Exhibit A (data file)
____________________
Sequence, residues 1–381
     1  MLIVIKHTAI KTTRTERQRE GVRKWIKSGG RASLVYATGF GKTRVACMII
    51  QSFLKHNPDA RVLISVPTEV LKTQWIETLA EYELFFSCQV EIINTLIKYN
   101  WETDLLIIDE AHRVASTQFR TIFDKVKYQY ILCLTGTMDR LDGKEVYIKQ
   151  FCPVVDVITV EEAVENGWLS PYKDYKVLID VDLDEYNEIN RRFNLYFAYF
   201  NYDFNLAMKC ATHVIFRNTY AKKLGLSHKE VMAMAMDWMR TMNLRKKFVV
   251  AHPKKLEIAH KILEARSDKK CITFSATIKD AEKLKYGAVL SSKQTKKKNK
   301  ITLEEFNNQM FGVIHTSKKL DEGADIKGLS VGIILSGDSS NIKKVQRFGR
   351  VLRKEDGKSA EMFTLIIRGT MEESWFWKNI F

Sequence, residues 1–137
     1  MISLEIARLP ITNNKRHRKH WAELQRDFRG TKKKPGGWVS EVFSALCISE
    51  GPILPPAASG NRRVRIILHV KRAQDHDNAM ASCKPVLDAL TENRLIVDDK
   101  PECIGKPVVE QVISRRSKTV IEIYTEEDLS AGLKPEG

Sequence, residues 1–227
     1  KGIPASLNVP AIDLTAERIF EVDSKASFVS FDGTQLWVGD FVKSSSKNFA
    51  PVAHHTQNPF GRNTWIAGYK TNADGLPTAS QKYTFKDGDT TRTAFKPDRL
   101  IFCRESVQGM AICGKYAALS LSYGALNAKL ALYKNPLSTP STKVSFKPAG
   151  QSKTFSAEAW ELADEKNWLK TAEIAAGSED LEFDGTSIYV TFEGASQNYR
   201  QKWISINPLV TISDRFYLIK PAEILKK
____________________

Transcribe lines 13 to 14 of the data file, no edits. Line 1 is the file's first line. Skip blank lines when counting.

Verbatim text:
   101  PECIGKPVVE QVISRRSKTV IEIYTEEDLS AGLKPEG

Sequence, residues 1–227